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July 2008, a new limit reached!

I heard of Voyager 2 and the fact that it was still functional: 30 years after it left Earth! Just that is amazing to me.

The craft went through the termination shock several times now (5 if I’m correct). This is far. Further away from the Sun than Pluto. And Pluto is on average around 39.5 AU from the Sun. It is even further than Eris and Eris lies at about 67 AU on average.

Now, July 2008, we finally got enough data from Voyager 2 to know what is happening at the termination shock. It is what I would call the first edge of the Solar system. Some 84 AU but really it changes all the time, which explains why Voyager 2 already went in and out several times. That place is where the Solar wind slow down from 350 km/s to only 130 km/s. Solar winds are formed of atoms that are ejected by the Sun and travel very, very far. This forms a bubble inside which the planets reside. In some respect, it is protective, in others, it is quite destructive. On Earth, we are protected because of the Earth magnetic field (our atmosphere protects us from some light waves, not the Solar wind.)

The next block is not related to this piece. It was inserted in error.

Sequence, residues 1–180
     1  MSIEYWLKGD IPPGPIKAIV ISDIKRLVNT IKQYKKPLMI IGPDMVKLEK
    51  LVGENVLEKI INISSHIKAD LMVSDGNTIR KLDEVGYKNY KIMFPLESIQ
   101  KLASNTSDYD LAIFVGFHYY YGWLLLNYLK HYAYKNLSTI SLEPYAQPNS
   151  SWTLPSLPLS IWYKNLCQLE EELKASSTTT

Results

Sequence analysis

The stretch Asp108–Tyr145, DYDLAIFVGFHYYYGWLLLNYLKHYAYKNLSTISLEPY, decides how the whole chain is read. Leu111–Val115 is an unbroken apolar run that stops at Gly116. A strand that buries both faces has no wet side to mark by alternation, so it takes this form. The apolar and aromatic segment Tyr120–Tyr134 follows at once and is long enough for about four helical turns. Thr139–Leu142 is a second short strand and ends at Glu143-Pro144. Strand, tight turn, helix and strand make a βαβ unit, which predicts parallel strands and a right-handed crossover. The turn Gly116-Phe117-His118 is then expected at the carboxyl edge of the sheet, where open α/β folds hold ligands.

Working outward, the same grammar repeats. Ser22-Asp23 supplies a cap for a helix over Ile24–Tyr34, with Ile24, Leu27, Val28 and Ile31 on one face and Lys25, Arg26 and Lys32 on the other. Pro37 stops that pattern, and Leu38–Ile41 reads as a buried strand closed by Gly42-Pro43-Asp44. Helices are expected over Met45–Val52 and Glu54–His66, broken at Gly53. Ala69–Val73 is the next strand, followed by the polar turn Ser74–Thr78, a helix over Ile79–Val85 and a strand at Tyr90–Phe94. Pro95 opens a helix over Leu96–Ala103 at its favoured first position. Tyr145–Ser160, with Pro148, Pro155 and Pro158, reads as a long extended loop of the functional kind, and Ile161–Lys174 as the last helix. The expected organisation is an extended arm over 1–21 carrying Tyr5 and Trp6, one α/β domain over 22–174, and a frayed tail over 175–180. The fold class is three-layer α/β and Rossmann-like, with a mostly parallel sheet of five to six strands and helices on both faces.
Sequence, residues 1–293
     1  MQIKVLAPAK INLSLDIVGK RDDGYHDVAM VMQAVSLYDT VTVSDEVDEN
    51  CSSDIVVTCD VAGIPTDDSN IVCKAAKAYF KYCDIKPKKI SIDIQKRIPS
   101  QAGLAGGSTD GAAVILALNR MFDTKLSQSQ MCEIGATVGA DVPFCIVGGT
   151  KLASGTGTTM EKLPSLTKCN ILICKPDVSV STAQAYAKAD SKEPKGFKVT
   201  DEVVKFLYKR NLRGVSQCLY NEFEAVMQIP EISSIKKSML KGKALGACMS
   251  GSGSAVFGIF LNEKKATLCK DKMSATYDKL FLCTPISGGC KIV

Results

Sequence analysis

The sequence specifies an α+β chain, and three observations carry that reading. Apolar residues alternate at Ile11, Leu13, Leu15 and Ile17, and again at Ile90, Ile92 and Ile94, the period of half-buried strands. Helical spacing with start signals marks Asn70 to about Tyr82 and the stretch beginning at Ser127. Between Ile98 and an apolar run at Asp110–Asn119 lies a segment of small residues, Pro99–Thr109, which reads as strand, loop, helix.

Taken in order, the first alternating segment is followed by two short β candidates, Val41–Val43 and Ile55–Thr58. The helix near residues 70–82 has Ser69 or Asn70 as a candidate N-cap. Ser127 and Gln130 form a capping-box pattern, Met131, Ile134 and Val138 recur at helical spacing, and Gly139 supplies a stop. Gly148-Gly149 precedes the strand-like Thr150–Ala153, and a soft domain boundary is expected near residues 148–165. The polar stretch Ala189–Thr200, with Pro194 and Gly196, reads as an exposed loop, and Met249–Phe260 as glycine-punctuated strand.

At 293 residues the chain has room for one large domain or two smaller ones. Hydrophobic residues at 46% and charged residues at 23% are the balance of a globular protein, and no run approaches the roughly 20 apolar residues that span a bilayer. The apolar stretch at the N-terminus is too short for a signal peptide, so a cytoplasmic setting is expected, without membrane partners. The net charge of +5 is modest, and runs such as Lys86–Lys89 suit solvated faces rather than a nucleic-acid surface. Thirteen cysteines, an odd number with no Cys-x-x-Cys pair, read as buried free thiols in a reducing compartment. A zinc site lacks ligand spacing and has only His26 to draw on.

And now we have finally recorded measurements of the amount of particles that reside at the edge. The results are quite different from what was expected…

And, I thought it was quite interesting to read that all the theories used a couple months ago where no good to explain what really happens at the edge of any star bubble. With that in mind, how can we really tell about anything beyond our solar system?

This brings me to a good analogy in software development. You write thousands and thousands of lines of code and it looks like it works great. You start selling your product and once in a while, a customer tells you that it does not work for them. And you have no clue why it fails on that customer computer…

So… our theory was: it works for me, therefore the code is working, ready for sale and it will work on all computers since they are all alike. The truth is: there is still at least one bug, and really very likely more.

Anyhow, I hope we’ll learn a lot more about the outside of the solar system as Voyager 1 & 2 continue their journey.


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